Friday Five, August 28: A Quick Summary Of The Top 5 Articles From This Week
It’s often said that new social conditions give birth to new human behaviors, and COVID-19 is no exception. As stay-at-home orders swept the nation, U.S. consumers embraced online shopping alternatives with open arms, a trend that’s likely to outlast the ongoing pandemic. But what does that mean for the future of traditional retail? Well… a few things. First of all, shipping costs may increase, product return rates may escalate, and direct to consumer business models may explode in popularity. Ya know, all the normal stuff! J
In this week’s Friday Five blog, we explore all of that, plus so much more. Here, we’ll cover topics including how the US Postal Service budget cuts will impact 2020’s holiday season, the accelerated disruption that COVID-19 has inspired, digital transformation in the retail industry, and why consumer behavior has jumped almost a decade ahead of expectations. Read on for a quick summary of the top five news articles from Forbes, Burberry.com, Chain Store Age, and Total Retail. Don’t forget to let us know your thoughts in the comments!
1) Politics At The Post Office Is Hiding A Problem For Retailers: Holiday Shipping Costs Are Going Way Up
Forbes – August 26, 2020
Due to recent budget cuts to the US Postal Service, both FedEx and UPS have told their customers that surcharges are coming for the holiday season and shipping rates will increase, too. In light of the ongoing pandemic, 2020 will likely see the highest e-commerce sales ever, which will inevitably strain the established systems and drive up shipping costs. According to Forbes, “the retailers most at risk will be those who have a high percentage of e-commerce penetration and a low average order value.” Luckily, software exists that allows retailers to increase average order value through machine learning that makes intelligent product recommendations, in addition to prioritizing items that come from the same distribution center. Another option to offset shipping costs is to focus on promoting curbside pickup, which eliminates the issue altogether.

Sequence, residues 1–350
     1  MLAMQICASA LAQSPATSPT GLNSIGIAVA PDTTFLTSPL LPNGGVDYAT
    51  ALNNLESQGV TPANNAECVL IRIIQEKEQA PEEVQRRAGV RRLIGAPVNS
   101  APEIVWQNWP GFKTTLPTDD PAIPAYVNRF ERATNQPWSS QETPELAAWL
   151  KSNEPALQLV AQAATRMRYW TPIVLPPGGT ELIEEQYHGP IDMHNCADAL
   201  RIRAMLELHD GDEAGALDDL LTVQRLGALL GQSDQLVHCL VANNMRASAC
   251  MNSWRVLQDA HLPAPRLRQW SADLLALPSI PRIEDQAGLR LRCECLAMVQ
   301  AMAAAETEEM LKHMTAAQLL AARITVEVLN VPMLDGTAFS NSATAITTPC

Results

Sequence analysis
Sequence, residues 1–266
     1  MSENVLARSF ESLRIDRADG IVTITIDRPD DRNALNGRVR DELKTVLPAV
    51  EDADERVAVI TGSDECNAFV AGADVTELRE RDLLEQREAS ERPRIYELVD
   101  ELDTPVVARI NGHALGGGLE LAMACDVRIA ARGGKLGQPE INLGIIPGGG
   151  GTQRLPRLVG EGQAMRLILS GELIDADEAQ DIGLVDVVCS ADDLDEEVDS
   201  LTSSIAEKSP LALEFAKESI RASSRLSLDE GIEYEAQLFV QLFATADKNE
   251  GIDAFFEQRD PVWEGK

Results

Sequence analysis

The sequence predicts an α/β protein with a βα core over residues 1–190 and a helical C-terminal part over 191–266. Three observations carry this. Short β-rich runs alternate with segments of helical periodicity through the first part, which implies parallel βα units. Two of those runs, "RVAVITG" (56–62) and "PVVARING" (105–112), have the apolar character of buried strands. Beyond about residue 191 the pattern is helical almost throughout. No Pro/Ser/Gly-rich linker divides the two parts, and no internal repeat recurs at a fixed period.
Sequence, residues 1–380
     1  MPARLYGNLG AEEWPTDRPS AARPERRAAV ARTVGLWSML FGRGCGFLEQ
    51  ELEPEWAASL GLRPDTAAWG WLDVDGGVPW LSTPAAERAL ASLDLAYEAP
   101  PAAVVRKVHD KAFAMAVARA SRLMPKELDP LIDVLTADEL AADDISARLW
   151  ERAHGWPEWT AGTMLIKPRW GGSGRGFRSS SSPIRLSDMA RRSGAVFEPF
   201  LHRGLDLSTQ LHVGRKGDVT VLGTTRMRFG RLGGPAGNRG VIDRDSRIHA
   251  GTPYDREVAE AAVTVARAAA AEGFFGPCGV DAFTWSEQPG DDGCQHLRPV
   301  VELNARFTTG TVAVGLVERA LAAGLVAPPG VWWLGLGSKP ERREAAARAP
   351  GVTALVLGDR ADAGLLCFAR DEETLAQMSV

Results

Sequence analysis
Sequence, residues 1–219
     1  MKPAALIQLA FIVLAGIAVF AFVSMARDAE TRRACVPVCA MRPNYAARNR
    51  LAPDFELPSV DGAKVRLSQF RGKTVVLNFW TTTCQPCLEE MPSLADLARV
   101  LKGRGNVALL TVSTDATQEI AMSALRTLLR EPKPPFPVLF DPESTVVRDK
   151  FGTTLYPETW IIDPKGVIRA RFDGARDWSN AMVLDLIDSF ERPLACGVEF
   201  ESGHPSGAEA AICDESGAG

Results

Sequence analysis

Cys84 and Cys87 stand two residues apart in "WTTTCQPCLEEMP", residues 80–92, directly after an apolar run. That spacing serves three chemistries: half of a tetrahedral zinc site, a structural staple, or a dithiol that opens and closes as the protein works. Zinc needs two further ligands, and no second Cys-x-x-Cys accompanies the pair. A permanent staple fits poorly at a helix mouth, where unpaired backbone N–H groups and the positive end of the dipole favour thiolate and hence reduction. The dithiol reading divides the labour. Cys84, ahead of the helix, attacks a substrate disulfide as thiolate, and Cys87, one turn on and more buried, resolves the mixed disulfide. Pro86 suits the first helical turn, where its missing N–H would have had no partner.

2) Burberry Debuts Luxury’s First Social Retail Store In Shenzhen, China, Powered By Tencent Technology
Burberry.com – July 31, 2020
According to Burberry, the luxury brand recently announced its “first social retail store in China’s technology hub Shenzhen, blending the physical and social worlds in a digitally immersive retail experience.” The brand’s social retail store will be powered by Tencent technology, and it will be a space of exploration “designed to inspire and entertain luxury customers, where they can interact with our brand and product in new and exciting ways, in person and on social media.” By merging social media with the traditional shopping experience, Burberry hopes to bring the store to life through exclusive content and personalized experiences, both physically and virtually. Davis Lin, Senior Vice President at Tencent, said the innovative technology company will create state-of-the-art digital services and delightful experiences, and also help Burberry build deep emotional connections with its consumers.
3) Retailers Are Innovating In Ways That Will Outlast The Pandemic